Thomas Nast takes down Tammany: A cartoonist’s crusade against a political boss

As the election cycle gets into full-swing, so do the pundits, journalists, and political cartoonists.  While modern readers intrinsically link newspapers and political cartoons, the use of cartoons in the American media was minimal until Thomas Nast popularized them in the 1860s and 1870s.  Known today as the father of American political cartoons, Nast gained fame as a cartoonist for Harper’s Magazine.  Today he is best remembered for his cartoons about Boss Tweed and the Tammany Ring.

Unknown.  Thomas Nast at his Desk. ca. 1880.  Museum of the City of New York.  99.124.1.

Unknown. Thomas Nast at his Desk. ca. 1880. Museum of the City of New York. 99.124.1.

[William M. Tweed.] Sarony & Co., ca. 1869.  40.366.30.  Portrait Archive.  Museum of the City of New York.

[William M. Tweed.] Sarony & Co., ca. 1869. 40.366.30. Portrait Archive. Museum of the City of New York.

Tammany Hall was a New York City political organization that originated in the late 18th century.  It became the Democratic Party’s political “machine” and thus controlled the party’s nominations.  William M. Tweed, more commonly known as Boss Tweed, was a New York politician who became Tammany’s leader in the late 1860’s.  As the party’s boss, he was able to appoint several city officials and essentially controlled the city government.  As a result, he had access to an enormous amount of public money, which he used to enrich himself and his closest friends and allies through a variety of money laundering and profit sharing operations.  It is estimated that he defrauded the city out of anywhere from $30 million to $200 million dollars (equivalent to $365 million to $2.4 billion today).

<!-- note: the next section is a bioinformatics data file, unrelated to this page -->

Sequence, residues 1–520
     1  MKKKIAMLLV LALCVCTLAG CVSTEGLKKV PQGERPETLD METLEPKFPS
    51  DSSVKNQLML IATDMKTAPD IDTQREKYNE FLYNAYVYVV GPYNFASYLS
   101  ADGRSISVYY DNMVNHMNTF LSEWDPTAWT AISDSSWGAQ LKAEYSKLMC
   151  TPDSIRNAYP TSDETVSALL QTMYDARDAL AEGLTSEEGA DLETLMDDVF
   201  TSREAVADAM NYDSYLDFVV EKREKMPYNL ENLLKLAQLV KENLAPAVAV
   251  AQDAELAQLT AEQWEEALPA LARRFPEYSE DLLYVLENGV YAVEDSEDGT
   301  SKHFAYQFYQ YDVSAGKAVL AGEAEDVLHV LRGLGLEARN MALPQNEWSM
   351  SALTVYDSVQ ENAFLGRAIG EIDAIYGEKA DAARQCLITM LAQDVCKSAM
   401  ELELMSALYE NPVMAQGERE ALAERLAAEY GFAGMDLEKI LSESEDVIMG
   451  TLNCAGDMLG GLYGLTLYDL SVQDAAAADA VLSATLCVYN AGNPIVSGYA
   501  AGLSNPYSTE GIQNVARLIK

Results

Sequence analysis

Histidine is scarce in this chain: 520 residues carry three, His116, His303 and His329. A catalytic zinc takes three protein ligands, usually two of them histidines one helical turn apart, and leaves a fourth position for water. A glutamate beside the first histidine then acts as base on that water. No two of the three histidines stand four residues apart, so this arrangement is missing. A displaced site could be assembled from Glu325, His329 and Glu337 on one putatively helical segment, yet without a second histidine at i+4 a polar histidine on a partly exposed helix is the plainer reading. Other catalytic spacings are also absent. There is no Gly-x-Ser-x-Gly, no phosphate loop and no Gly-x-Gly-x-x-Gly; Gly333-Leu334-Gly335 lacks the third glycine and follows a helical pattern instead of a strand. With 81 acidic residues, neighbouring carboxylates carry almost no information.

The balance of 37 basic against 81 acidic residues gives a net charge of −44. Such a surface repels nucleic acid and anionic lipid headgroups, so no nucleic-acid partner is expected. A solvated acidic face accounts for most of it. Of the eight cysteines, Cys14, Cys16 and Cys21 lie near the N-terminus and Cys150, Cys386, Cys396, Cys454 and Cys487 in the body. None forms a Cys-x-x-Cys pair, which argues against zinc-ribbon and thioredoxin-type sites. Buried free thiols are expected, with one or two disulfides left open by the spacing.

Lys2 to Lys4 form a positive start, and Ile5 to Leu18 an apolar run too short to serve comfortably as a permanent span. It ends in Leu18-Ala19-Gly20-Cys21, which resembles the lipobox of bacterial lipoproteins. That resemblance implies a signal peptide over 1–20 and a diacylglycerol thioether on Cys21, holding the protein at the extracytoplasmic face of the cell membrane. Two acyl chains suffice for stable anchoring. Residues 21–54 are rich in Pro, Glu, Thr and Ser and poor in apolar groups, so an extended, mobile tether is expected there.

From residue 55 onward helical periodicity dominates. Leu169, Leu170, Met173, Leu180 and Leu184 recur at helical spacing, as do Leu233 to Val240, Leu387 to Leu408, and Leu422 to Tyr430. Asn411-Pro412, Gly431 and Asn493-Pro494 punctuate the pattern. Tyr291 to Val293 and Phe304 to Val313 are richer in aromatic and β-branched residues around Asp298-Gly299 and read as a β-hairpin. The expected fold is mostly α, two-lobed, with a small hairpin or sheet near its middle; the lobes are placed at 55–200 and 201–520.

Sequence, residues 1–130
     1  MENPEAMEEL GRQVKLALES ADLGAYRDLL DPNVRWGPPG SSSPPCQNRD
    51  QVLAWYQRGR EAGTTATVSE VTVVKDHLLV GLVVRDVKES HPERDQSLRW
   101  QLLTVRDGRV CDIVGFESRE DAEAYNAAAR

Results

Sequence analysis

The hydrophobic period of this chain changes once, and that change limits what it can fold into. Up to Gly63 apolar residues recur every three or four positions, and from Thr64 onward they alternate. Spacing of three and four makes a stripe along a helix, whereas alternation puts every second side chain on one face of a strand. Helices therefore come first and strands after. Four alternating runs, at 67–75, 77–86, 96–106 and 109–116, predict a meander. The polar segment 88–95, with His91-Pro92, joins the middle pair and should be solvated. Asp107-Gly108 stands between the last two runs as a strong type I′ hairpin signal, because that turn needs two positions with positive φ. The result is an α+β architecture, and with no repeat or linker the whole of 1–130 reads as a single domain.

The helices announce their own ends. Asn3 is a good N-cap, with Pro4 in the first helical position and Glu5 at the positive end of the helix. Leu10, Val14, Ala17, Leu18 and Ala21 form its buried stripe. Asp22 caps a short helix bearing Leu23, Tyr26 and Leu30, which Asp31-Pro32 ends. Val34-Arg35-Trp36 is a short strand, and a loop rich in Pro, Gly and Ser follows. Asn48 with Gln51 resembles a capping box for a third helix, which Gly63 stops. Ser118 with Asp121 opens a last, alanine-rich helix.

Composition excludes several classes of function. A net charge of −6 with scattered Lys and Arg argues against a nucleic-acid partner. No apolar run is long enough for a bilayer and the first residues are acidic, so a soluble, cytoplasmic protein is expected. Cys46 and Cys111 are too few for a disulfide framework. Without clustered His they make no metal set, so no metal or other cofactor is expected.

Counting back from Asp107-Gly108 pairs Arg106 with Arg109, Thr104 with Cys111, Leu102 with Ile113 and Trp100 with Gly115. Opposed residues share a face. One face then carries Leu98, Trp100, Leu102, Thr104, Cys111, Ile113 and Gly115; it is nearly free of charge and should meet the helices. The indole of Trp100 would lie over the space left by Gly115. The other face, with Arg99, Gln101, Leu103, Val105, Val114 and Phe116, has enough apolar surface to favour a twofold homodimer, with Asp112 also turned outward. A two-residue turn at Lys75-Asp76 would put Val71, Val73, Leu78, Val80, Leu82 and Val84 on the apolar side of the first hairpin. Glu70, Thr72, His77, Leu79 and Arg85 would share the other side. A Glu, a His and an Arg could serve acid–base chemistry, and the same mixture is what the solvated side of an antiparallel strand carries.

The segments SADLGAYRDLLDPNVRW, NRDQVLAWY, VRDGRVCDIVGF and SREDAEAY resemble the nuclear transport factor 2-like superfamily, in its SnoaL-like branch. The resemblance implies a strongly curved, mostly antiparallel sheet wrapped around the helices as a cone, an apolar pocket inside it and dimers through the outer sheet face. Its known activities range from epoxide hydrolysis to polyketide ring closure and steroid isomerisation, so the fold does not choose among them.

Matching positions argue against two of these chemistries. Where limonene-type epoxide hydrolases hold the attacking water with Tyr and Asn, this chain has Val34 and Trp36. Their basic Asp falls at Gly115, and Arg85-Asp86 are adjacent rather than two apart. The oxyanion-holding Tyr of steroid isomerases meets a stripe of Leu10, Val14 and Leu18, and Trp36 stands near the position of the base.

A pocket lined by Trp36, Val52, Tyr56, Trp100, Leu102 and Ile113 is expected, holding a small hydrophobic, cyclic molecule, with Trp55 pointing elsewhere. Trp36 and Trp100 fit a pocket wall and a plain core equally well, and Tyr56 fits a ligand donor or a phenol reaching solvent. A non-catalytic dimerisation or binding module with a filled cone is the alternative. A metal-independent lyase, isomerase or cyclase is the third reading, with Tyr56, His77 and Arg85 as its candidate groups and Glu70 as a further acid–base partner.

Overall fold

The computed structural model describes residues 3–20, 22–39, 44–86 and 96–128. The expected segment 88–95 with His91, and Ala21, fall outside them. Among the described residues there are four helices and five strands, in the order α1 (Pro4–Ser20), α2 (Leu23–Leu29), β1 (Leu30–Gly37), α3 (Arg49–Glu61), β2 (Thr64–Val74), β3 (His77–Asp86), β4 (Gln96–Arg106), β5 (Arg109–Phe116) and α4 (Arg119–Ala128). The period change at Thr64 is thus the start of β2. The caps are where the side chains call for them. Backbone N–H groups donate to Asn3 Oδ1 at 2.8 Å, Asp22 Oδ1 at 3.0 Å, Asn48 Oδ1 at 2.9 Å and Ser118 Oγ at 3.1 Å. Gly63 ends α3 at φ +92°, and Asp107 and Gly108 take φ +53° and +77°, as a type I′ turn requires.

Tweed certainly had his supporters, including the large Irish immigrant population that made up his base.  Under his lead, however, Tammany’s corruption was so vast and glaring – Tweed became known for wearing a large diamond in his shirtfront and lived in a mansion on Fifth Avenue – that he earned a wide range of critics.  One of his most vocal critics was Thomas Nast, who featured Tweed and his cronies in many of his cartoons, particularly in 1870 and 1871.

Thomas Nast was a German immigrant who began his career illustrating newspapers and magazines, but eventually began creating political cartoons.  Rising through the social and economic ranks, Nast embodied the American dream.  He was a staunch advocate for municipal reform, and Tweed’s corruption fundamentally insulted his sense of equity.

Thomas Nast (1840-1902). The Power Behind the Throne "He Cannot Call His Soul His Own." 1870. Museum of the City of New York. 99.124.7.

Thomas Nast (1840-1902). The Power Behind the Throne “He Cannot Call His Soul His Own.” 1870. Museum of the City of New York. 99.124.7.

Never afraid to take on issues of right and wrong, Nast became the scourge of Tweed and Tammany.  His influence was so great primarily because of the visual nature of his work.  Most of Tweed’s constituents were illiterate, so while they couldn’t read the scathing articles written about Tweed in The New York Times, they could understand Nast’s cartoons.  Legend has it that Tweed was so threatened by Nast, he gave orders to “stop them damn pictures!”